Patrick Kennedy, Ted's Son, Sets His Sights on Washington

By Mark Dubnoff Of The | St Louis Post-Dispatch (MO), February 6, 1994 | Go to article overview

Patrick Kennedy, Ted's Son, Sets His Sights on Washington


Mark Dubnoff Of The, St Louis Post-Dispatch (MO)


His hair is lighter and less curly than his uncle Bobby's or cousin Joe's. His speech is not as polished as his uncle Jack's or father Ted's.

But as Patrick Kennedy works the dining room at the Chateau Anne housing complex, two dozen residents have visions of his famous relatives.

"I got my picture with the future president," boasts Marjorie Gordon, 56. "I like Kennedys. I'm a Kennedy fan ever since I was young."

It is this kind of reception that Patrick Kennedy - at 26, the youngest child of Massachusetts Sen. Edward M. Kennedy - is banking on as he runs for Congress. And he makes no apologies for taking advantage of his famous name:

"I plead guilty. It's just the very same thing, I think, that's going to allow me to be a more effective congressman on behalf of Rhode Island."

Critics argue Patrick is too young and inexperienced for Congress and has never held a real job. But many consider him the favorite to succeed Republican Ron Machtley, a three-term incumbent who is giving up his 1st District seat to run for governor.

"Who else is running? Nobody. That should tell you something," said Charlie Bakst, a political writer for The Providence Journal-Bulletin.

"He has the magic of the Kennedy name, he has the money, and to his credit, he's out there working like crazy."

Indeed, after serving a meal of beef, potatoes and gravy to the residents of Chateau Anne, Kennedy went to a fund-raiser in nearby Pawtucket.

His campaign manager, Tony Marcella, said they spend about 12 hours a day, seven days a week, meeting voters, calling potential contributors and seeking support for Kennedy's candidacy.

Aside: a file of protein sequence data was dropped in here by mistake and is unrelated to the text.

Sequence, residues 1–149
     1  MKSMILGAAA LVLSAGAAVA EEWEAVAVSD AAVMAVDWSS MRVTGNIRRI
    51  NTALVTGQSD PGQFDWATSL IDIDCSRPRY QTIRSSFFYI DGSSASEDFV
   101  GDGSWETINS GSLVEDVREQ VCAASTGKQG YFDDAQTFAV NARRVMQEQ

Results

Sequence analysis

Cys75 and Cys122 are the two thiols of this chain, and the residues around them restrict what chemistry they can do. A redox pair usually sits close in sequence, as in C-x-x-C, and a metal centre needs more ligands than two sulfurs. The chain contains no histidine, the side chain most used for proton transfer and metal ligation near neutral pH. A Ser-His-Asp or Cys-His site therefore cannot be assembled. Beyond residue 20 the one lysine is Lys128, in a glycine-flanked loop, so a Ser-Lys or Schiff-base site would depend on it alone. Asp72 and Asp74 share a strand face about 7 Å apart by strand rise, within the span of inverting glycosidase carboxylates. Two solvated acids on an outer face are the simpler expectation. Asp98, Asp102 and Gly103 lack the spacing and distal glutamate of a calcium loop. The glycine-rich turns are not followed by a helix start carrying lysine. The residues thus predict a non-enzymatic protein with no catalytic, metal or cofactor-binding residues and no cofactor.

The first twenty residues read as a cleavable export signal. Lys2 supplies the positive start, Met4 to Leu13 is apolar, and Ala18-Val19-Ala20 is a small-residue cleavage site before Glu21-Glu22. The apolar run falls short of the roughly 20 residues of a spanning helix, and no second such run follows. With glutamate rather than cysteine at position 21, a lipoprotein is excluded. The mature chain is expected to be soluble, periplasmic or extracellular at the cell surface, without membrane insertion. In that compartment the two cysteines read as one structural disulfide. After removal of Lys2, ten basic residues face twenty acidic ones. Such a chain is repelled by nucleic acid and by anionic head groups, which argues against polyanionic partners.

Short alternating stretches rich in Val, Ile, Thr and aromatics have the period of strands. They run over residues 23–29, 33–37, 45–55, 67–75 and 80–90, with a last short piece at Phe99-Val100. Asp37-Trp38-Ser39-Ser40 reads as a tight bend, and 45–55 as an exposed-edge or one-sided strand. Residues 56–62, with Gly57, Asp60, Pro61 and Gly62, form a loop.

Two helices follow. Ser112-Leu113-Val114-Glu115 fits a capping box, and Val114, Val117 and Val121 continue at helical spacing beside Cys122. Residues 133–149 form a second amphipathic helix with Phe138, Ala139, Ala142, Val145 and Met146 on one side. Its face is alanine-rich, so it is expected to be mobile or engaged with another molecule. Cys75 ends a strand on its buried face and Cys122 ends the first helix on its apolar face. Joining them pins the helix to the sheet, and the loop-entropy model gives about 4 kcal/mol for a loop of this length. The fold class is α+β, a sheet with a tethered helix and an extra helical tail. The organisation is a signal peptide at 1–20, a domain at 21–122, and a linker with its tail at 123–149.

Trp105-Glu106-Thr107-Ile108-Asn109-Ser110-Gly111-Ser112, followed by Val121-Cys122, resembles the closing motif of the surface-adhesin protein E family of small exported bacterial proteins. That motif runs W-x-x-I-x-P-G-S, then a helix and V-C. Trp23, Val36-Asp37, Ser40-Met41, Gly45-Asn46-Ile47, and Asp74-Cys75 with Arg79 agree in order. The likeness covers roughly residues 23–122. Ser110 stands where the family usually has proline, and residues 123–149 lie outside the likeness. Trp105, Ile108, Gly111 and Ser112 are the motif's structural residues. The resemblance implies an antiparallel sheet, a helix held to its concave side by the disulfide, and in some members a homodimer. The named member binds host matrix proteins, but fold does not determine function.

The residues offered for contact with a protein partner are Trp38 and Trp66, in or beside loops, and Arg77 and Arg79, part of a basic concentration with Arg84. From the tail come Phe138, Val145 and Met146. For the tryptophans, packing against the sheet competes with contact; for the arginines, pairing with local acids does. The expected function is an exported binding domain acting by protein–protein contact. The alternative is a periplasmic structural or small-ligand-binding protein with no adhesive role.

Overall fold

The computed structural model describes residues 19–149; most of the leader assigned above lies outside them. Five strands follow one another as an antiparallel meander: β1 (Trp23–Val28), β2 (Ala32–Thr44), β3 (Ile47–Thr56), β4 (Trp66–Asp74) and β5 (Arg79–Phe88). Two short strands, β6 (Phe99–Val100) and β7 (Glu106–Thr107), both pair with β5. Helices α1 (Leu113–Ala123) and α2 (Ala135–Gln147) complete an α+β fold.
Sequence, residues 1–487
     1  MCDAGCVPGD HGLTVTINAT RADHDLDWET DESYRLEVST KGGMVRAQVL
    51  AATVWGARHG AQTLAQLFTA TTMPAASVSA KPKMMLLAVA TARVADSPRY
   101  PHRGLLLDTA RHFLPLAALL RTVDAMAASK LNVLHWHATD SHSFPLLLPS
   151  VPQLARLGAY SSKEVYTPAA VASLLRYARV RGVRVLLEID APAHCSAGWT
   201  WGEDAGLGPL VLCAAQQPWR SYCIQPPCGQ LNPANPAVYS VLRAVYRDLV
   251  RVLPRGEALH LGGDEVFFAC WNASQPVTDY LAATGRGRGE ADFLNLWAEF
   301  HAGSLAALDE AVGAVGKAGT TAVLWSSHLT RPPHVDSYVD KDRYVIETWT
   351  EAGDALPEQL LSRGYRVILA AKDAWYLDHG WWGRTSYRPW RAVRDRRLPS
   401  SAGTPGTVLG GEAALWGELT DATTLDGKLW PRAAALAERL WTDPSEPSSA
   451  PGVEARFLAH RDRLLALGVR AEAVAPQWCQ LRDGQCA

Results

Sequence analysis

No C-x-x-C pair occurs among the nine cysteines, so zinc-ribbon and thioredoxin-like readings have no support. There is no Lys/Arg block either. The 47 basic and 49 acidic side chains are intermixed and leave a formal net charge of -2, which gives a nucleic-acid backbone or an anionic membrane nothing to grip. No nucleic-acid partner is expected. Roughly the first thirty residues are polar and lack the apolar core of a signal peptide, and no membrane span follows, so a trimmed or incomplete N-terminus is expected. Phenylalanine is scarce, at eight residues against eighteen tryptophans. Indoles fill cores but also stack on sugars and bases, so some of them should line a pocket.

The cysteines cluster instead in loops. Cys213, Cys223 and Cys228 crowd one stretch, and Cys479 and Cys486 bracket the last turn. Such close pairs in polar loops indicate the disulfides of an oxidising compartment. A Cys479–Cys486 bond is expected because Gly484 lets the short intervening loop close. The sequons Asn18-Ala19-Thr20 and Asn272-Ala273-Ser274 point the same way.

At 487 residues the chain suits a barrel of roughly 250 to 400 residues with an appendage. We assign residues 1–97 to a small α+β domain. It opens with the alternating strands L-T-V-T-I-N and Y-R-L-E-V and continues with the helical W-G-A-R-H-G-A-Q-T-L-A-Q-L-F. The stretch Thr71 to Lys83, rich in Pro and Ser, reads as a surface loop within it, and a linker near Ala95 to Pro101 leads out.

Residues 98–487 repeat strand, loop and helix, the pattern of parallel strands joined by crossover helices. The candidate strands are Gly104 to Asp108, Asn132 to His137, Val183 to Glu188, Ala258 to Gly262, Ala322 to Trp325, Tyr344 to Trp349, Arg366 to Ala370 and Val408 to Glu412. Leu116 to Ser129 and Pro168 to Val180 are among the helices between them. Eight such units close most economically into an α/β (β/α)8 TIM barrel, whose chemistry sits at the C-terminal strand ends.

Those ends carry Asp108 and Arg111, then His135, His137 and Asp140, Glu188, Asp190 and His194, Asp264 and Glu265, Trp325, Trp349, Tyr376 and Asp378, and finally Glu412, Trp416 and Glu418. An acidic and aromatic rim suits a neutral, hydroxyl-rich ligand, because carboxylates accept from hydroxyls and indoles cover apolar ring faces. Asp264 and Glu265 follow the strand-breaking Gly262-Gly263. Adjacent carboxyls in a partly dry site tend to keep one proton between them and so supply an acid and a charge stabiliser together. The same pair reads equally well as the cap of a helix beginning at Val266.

Kennedy is a formidable opponent.

Elmer Cornwell, a Brown University professor specializing in Rhode Island government, said he thinks Machtley decided not to seek re-election because he didn't think he could beat "that kid," an assertion Machtley denies.

"My guess is a factor in his thinking in going for the governor's job may well have been his doubt about whether he could contend effectively with the Kennedy name and the Kennedy resources," Cornwell said.

As a 21-year-old student at Providence College, Patrick Kennedy ran for the state House of Representatives and defeated incumbent John Skeffington Jr., the favorite of the state Democratic machine, in a primary.

It was the costliest legislative primary in Rhode Island history; Kennedy spent $87,694, or $66 per vote, to Skeffington's $36,268.

Cousins John Kennedy Jr. and Massachusetts Congressman Joseph Kennedy II greeted voters at the polls, along with father Ted.

"Patrick's real decision to be involved in politics has been pretty much his own," the elder Kennedy said. He was proud of Patrick, he said "for his industry, his commitment and his caring."

Patrick Kennedy has had no trouble getting re-elected. In 1990, he ran unopposed, and in 1992 his greatest opposition was his own notoriety.

His name was linked to the rape case against his cousin, William Kennedy Smith. …

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